The Pirates of Kachemak Bay
By Amy Murrell-Haunold, illustrated by Cindy Pendleton (Pendleton Fine Arts, $29.95)
The blurb: This children's story set in Homer follows wannabe pirate Rudy and his sister Gia as they find fun and adventure on the beach.
Excerpt: "Rudy was 7 and he was a pirate. 'Arrr!' he said to his sister.
Gia was almost 5. She was stealing his cereal.
'Gia is eating my breakfast,' Rudy said to his mother.
Tattling was bad, but Rudy was a pirate. Pirates are bad. Mother made Gia sit in her chair and eat her own breakfast. 'I am baking this morning,' Mother said. 'You must watch Gia for me.'
'Rudy isn't here. I'm Captain Cook.'
Mother took out a bag of chocolate chips. She was going to bake cookies! 'Captain Cook was not a pirate. He was an explorer. He helped explore Alaska."
Alaska Natives and American Laws
By David S. Case and David A. Voluck (University of Alaska Press, Fairbanks, $85)
The blurb: Now in its third edition, the textbook canvasses federal law as applied to the indigenous peoples of Alaska, explaining the histories of different policies and an analysis of indigenous rights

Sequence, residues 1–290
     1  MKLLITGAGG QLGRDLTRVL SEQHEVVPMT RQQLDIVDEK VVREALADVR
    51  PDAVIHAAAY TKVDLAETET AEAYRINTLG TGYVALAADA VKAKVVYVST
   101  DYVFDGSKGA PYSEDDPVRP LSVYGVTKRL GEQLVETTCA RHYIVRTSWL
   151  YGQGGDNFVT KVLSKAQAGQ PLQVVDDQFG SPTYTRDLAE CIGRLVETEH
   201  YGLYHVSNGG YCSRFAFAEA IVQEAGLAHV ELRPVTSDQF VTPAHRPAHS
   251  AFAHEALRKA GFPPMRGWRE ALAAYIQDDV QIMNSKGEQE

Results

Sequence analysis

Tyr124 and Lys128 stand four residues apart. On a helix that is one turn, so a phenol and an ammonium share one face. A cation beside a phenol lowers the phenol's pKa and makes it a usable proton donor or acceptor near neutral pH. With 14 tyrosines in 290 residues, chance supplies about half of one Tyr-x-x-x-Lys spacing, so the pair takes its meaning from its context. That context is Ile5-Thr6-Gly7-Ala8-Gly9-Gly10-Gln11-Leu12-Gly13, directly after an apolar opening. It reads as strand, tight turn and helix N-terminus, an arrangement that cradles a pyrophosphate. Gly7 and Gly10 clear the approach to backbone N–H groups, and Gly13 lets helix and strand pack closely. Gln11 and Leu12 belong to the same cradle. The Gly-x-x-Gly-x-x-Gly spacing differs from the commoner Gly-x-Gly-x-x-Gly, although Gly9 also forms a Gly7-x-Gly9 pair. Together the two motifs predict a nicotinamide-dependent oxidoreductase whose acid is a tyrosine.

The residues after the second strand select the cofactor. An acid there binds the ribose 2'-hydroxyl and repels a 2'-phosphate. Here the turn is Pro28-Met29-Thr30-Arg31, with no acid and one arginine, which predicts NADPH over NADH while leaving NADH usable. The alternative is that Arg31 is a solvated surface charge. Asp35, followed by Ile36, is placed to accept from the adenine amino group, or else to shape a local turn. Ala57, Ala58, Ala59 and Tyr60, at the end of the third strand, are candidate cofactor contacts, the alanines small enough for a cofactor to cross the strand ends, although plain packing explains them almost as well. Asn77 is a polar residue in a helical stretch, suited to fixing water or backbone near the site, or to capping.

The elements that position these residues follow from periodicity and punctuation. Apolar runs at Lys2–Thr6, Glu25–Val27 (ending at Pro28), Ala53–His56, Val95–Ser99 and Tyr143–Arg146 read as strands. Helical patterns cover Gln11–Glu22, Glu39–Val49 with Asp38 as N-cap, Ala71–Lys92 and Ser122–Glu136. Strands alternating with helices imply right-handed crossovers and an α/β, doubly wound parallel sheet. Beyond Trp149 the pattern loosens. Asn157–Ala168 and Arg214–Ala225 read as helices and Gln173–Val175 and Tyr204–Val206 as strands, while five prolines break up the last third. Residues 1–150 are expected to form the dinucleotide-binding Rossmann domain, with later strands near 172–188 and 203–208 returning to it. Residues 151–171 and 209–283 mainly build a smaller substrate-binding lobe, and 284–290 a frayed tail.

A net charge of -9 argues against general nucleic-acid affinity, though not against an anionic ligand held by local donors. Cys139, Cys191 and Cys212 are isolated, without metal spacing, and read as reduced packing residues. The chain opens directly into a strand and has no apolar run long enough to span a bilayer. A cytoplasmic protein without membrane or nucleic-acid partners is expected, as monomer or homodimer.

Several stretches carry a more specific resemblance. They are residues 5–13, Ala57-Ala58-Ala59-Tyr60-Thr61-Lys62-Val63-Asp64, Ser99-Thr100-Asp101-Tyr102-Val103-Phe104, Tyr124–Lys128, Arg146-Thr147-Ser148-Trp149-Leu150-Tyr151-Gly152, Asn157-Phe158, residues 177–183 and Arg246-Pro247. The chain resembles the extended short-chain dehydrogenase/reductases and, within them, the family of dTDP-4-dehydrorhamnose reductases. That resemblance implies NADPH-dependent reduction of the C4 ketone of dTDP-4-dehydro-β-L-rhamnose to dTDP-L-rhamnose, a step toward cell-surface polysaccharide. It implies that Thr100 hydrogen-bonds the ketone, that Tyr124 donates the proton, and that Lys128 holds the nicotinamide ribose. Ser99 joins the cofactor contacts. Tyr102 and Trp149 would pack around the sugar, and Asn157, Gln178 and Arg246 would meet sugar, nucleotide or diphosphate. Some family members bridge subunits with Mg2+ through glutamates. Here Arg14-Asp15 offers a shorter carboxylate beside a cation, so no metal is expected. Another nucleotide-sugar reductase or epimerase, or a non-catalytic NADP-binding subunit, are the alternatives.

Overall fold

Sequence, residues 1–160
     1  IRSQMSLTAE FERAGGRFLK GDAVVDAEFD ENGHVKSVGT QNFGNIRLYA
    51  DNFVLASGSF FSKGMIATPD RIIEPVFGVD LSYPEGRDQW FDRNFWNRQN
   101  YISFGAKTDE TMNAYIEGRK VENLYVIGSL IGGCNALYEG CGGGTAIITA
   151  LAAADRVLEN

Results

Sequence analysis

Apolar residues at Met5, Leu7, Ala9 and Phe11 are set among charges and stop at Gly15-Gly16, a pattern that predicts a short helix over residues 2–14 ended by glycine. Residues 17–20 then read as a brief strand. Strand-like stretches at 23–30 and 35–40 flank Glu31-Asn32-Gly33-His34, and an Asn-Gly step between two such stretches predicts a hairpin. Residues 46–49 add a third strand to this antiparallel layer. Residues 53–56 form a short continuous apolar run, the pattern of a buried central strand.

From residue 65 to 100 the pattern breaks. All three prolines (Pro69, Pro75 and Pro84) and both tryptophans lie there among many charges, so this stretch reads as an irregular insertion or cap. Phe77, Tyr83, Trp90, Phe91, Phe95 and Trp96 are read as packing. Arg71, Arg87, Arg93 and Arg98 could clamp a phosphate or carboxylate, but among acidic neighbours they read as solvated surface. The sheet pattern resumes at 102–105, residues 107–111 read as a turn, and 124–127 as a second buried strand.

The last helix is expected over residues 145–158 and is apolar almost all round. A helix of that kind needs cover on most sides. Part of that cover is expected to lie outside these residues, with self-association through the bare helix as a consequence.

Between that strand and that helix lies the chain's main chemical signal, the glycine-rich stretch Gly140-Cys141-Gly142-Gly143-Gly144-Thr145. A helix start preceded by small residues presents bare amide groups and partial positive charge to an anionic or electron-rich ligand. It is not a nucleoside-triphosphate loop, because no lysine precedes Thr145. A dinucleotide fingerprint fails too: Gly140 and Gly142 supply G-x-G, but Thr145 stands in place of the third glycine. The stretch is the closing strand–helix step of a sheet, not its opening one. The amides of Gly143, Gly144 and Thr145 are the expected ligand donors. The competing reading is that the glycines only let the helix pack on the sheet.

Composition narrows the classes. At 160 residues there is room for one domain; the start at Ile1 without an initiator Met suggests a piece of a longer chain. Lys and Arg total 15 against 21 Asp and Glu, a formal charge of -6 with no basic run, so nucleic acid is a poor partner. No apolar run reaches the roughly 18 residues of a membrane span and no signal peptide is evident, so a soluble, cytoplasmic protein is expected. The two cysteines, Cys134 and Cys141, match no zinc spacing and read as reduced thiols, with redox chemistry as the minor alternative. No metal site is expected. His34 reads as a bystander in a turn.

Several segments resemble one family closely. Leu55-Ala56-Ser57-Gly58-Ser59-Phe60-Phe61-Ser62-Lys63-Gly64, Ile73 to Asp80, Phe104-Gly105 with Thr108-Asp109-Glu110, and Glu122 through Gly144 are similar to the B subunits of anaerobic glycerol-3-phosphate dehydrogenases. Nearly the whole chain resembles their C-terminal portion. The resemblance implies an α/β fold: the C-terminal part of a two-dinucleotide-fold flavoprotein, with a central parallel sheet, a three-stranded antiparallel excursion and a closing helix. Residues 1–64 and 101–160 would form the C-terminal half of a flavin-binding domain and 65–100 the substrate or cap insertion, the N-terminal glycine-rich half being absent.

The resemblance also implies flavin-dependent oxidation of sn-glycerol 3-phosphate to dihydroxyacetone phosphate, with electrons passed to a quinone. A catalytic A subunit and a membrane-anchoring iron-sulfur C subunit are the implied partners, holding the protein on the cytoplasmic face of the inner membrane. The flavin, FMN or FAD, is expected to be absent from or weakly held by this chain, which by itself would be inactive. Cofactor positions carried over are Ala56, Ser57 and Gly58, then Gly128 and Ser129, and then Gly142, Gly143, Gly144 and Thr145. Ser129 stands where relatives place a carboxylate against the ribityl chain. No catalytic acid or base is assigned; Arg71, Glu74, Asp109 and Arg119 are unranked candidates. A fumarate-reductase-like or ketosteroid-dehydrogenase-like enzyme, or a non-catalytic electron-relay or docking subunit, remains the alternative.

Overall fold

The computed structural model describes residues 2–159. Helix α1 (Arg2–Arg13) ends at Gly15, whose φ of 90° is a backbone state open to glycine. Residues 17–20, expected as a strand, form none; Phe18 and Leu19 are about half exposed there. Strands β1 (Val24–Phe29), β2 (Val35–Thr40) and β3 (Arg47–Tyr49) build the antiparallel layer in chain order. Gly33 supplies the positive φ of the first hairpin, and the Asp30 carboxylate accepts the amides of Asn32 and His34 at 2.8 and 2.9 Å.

Excerpt: "The federal government did not initially deal with Alaska Natives as dependent Indian communities. In the first place, article III of the 1867 Treaty of Cession implied a distinction between 'uncivilized tribes' and other 'inhabitants of the ceded territory.' the latter, if they remained in the territory, were to be 'admitted to the enjoyment of all the rights, advantages and immunities of citizens of the United States,' including 'the free enjoyment of their liberty, property, and religion.' The former were to be 'subject to such laws and regulations as the United States may, from time to time, adopt in regard to aboriginal tribes of that country.' "
Compiled by Matt Sullivan, Anchorage Daily News